FDA seeks input on produce safety action plan

Jun 15, 2004 (CIDRAP News) – The Food and Drug Administration (FDA) said today it is producing a comprehensive new action plan for reducing pathogenic contamination in fresh produce and wants public input on it.

In a Federal Register notice, the FDA said it will publish a draft of the plan before a public meeting scheduled Jun 29 to gather comments. The meeting is set for 1 p.m. at the Harvey W. Wiley Federal Building of the FDA Center for Food Safety and Applied Nutrition in College Park, Md.

"The draft of the 2004 produce action plan addresses all principal points between the farm and table where contamination of produce could occur," the FDA announcement says. The plan covers fresh fruits and vegetables in whole condition or minimally processed (such as peeled or sliced but not cooked). It does not deal with processed products such as juice or farm products other than fruits and vegetables; tree nuts are excluded.

The new plan is a continuation of the FDA's "Produce and Imported Food Safety Initiative," launched in 1997, the agency said. That effort led to the publication in 1998 of the "Guide to Minimize Microbial Food Safety Hazards for Fresh Fruits and Vegetables." Although that document "has been well received and widely adopted," foodborne illness outbreaks continue to occur, the agency said.

The new plan is titled "Produce Safety from Production to Consumption: An action Plan to Minimize Foodborne Illness Associated with Fresh Produce." It reflects lessons learned from inspections of farms and produce packing facilities and investigations of foodborne disease outbreaks, the FDA said.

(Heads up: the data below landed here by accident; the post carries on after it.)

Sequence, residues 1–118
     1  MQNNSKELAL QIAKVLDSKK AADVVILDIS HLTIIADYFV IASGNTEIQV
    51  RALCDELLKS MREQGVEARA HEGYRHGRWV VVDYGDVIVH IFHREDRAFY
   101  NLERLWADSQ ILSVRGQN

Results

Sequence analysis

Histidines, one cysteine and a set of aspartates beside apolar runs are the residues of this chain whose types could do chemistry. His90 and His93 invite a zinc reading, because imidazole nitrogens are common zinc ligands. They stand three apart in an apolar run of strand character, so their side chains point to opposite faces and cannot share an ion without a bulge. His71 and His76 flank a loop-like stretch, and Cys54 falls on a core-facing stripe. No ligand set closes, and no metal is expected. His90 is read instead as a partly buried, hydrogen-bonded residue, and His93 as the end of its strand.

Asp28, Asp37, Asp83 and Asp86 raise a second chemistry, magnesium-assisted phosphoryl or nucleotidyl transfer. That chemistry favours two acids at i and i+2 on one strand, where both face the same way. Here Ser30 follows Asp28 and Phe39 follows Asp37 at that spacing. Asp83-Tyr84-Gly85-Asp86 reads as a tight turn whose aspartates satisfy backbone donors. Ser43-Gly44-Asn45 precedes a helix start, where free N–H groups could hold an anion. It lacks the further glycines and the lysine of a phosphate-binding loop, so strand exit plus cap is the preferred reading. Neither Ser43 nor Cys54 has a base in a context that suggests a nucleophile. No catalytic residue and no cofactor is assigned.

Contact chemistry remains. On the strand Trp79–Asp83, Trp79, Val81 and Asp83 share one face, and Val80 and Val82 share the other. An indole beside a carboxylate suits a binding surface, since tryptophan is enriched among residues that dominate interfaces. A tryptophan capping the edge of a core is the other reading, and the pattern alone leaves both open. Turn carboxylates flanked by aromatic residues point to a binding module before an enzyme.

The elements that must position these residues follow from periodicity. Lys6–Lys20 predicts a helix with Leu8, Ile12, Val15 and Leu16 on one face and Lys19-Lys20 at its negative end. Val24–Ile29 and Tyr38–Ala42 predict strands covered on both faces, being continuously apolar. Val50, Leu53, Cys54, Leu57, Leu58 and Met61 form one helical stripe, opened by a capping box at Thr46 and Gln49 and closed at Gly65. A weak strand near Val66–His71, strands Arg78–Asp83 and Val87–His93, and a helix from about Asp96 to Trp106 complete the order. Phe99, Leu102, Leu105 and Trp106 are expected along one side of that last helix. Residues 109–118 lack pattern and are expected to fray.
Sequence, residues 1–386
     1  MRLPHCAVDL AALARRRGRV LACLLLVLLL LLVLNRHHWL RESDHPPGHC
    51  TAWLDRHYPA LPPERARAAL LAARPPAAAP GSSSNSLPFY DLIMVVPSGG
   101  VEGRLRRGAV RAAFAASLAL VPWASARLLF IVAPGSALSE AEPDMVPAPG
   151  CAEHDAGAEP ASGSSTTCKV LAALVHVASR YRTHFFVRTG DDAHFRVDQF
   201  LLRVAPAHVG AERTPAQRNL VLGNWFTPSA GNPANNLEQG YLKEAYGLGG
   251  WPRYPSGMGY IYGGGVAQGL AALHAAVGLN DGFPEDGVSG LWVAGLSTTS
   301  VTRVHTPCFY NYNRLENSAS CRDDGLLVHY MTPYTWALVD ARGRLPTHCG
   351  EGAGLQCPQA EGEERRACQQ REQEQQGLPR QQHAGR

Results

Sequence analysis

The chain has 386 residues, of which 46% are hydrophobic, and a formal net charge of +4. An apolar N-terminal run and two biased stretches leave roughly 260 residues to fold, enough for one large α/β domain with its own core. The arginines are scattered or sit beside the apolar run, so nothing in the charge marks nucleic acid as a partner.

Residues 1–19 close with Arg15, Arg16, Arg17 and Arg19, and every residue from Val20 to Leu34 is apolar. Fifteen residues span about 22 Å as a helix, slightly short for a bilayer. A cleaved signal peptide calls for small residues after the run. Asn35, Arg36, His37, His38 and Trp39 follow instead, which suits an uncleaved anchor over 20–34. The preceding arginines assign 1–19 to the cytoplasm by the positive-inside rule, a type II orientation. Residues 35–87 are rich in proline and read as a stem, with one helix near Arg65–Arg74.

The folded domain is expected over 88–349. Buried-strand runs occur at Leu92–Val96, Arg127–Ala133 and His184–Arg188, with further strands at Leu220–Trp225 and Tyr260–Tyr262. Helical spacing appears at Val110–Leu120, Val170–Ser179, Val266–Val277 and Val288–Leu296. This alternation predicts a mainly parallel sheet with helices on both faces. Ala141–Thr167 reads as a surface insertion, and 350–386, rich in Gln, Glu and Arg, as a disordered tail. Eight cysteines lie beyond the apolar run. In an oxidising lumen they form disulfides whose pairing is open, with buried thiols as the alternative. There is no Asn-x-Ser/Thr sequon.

The aim of the Jun 29 meeting is to gather the opinions of other government agencies and industry groups as well as the general public, officials said. The FDA published a set of nine questions to help focus comments at the meeting. Examples include:

  • What major practices contribute to the contamination of fresh produce by harmful pathogens?
  • Should the action plan cover any foods other than fruits and vegetables that have not been treated with heat?
  • How should progress toward the goal of reducing illness related to consumption of produce be measured?
  • Does the FDA's existing guidance on reducing microbial hazards in fresh produce need to be expanded or otherwise revised?

Because space will be limited, the FDA recommends that people interested in attending the meeting register no later than Jun 22. The agency also said people may submit written or electronic comments on the draft action plan. The official notice (see link below) gives details on registration and submission of comments.

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